American Airlines is ready to consider mergers and other restructuring options after evaluating potential revenue and costs if it stays independent following bankruptcy, Chief Executive Officer Tom Horton said.
American, a unit of AMR Corp., will begin contacting “interested parties” soon to lay out its plans, Horton told employees in a letter yesterday, without being specific.
While US Airways Group Inc. has said it wants to merge with American, Horton said the carrier outlined its preliminary view of “multiple” options at a meeting yesterday with its unsecured creditors committee. US Airways, JetBlue Airways Corp., Alaska Airlines, Frontier Airlines and Virgin America Inc. were discussed, said a person familiar with the situation who asked not to be named because the talks are private.
“It now makes sense to carefully evaluate a range of strategic options, including potential mergers, which could make the new American even stronger,” Horton said in the letter. The CEO disclosed that he approached executives of other airlines last year about the benefits of possible consolidation before opting to restructure independently.
“American management has one charge, and that is to keep its creditors happy,” said Hunter Keay, a Wolfe Trahan & Co. analyst in New York. “As long as they do that, they’re not going to have a problem as they try to work toward a stand-alone exit.”
US Airways climbed 1.5 percent to $14.12 at the close of trading in New York, the highest since February 2008. The shares have more than doubled this year amid speculation about a merger.
American in May reached an agreement with the nine-member creditors committee, which has a voice in major decisions during bankruptcy, to explore strategic options including a possible sale. Since then, the Fort Worth, Texas-based company had pushed for its full plan for remaining independent to be evaluated before alternatives are considered.
US Airways, which hasn’t made a formal bid, reached tentative contract agreements with American’s unions in April that are contingent upon a merger of the two carriers. The Tempe, Arizona-based airline has been courting support for a combination among American bondholders and other creditors.
The Wall Street Journal reported yesterday that American would begin sending nondisclosure agreements to potential partners as soon as this month.
“We are pleased that AMR’s process to explore merger options is moving forward,” said John McDonald, a spokesman for US Airways. “All we have asked for is a fair and balanced opportunity to present our plan versus others, and we are hopeful this is the beginning of such a process.”
American last week asked U.S. Bankruptcy Judge Sean Lane to extend until the end of 2012 its exclusive right to propose a reorganization plan. American didn’t set a time frame yesterday for finishing the review of options or opening its books to potential partners.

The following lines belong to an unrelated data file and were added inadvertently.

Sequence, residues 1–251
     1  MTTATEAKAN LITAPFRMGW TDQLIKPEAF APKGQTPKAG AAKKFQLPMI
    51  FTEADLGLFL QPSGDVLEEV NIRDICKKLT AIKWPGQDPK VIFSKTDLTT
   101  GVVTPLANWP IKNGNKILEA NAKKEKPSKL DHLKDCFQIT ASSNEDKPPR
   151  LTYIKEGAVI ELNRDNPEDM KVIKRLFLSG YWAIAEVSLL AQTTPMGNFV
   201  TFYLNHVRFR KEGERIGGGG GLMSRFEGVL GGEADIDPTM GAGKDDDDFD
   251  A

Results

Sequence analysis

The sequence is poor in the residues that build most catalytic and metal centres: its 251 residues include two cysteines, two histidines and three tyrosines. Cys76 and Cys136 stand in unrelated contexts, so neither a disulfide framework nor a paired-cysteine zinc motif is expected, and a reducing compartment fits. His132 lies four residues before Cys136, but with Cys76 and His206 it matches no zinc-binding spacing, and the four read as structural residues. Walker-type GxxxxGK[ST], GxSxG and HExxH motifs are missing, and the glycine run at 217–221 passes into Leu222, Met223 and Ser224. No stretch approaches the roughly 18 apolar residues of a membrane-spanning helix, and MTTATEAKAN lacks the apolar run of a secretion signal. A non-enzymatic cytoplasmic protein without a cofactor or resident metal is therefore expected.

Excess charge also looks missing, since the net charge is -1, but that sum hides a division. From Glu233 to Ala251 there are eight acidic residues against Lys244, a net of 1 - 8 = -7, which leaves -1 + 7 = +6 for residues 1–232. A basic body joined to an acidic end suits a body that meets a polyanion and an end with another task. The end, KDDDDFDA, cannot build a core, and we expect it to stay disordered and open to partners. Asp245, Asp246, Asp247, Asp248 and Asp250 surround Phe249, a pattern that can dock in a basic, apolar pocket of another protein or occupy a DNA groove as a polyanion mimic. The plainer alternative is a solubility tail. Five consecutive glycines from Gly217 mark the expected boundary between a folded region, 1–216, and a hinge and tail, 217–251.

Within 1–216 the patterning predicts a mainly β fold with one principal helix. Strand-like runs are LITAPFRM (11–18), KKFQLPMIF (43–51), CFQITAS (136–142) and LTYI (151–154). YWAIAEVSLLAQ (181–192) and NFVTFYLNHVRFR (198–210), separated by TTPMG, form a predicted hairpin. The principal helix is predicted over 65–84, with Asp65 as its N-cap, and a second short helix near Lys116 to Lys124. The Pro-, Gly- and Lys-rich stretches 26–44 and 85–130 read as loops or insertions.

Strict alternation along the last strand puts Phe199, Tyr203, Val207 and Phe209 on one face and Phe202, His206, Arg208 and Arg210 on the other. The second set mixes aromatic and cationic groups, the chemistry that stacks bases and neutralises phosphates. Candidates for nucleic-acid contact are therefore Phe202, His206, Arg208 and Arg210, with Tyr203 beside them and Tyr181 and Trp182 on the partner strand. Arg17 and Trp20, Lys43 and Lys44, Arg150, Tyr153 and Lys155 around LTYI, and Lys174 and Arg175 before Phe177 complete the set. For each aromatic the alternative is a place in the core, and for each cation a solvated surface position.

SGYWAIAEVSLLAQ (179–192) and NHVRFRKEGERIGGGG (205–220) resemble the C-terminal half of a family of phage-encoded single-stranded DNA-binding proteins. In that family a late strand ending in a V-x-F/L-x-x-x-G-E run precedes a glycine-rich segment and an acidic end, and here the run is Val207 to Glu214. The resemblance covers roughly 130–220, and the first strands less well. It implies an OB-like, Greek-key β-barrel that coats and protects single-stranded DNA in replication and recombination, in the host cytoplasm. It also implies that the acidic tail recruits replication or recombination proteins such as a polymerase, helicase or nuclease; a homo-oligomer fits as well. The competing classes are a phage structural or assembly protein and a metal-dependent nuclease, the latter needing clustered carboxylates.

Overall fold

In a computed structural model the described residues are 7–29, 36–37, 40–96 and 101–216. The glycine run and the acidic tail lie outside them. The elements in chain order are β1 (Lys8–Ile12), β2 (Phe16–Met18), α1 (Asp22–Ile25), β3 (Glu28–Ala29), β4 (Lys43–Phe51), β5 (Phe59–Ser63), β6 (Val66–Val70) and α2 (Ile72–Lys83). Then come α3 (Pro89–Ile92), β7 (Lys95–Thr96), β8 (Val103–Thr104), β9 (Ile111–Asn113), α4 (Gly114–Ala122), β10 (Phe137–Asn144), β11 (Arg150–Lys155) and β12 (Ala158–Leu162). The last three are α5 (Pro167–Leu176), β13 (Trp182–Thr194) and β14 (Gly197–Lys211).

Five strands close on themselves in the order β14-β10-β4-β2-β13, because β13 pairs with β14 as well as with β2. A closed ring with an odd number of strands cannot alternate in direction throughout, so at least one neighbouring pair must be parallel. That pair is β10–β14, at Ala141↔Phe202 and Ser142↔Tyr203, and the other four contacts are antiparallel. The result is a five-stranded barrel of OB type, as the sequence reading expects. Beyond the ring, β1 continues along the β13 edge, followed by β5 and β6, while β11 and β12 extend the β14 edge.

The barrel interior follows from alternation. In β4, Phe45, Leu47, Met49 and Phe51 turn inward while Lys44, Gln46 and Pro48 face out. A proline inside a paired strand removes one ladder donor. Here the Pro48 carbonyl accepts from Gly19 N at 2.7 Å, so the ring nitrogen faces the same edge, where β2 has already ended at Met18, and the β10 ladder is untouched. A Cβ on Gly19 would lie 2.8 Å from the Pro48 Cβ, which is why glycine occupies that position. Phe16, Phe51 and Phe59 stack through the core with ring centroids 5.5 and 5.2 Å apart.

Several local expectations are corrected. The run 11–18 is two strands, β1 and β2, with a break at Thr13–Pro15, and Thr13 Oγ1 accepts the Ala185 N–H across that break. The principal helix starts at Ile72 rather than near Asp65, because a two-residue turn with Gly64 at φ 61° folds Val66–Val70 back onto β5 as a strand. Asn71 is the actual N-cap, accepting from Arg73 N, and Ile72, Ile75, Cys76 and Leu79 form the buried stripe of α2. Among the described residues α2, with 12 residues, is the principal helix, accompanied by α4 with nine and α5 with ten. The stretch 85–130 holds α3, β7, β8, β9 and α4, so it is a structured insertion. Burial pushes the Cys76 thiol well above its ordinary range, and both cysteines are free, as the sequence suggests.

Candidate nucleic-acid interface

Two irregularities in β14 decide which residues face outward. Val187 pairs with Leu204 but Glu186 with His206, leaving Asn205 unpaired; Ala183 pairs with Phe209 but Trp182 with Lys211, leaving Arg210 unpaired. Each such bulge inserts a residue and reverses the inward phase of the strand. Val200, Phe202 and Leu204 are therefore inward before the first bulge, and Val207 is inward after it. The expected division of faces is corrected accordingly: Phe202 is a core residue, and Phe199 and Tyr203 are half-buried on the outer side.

AMR’s 6.25 percent bonds due October 2014 slipped 0.125 cents to 62.25 cents on the dollar today, according to Trace, the bond-price reporting system of the Financial Industry Regulatory Authority.
Agreeing to begin assessing alternatives now may have been an “act of good faith” in return for the creditors committee’s backing on the extension request, Keay said. The Wolfe Trahan analyst rates US Airways shares outperform.
“We’ve been consistent in public statements and internal comments that our path forward is organic growth,” Jenny Dervin, a JetBlue spokeswoman, said today in an interview. “There is no change to that path forward.”
Dervin declined to comment on speculation about American. Abby Lunardini, a Virgin America spokeswoman, also declined to comment.
Frontier parent Republic Airways Holdings Inc. announced last November its intent to separate the Frontier and Republic businesses and “is working with Barclays Capital to identify potential transaction opportunities,” said Peter Kowalchuk, a Republic spokesman. He declined to comment specifically on a possible combination with AMR.
Alaska Airlines has said for years that its “preference is to remain a strong, vibrant, independent company,” said Bobbie Egan, an Alaska Air Group Inc. spokeswoman. “Our current plan provides the best outcome for all of our stakeholders.”
JetBlue gained 2.3 percent to $5.74 at in New York, while Seattle-based Alaska climbed 2.5 percent to $36.60.
AMR’s improved operating and financial performance and progress toward cost-cutting agreements with its unions opened the door to considering other options, Horton said.
The CEO’s letter to workers is “an important milestone,” the Allied Pilots Association said in a statement yesterday. “It’s an affirmation that consolidation represents the most promising path for our airline’s future.”
The biggest remaining questions center around who would manage “the new entity” and whether a merger occurs while AMR is still in restructuring, the APA said
If pilots approve a proposed offer that pares concessions sought by the carrier, the 13.5 percent equity stake the APA will get in the airline will give it “significant influence over strategic decisions that will be made in the weeks and months to come,” the APA said.
The result of the pilots’ vote will be announced on Aug. 8, according to the APA’s statement.
Five of seven groups represented by the Transport Workers Union have new contracts. Talks with two other TWU units resulted in a tentative accord yesterday, leaving the flight attendants as the only group not to have reached an agreement.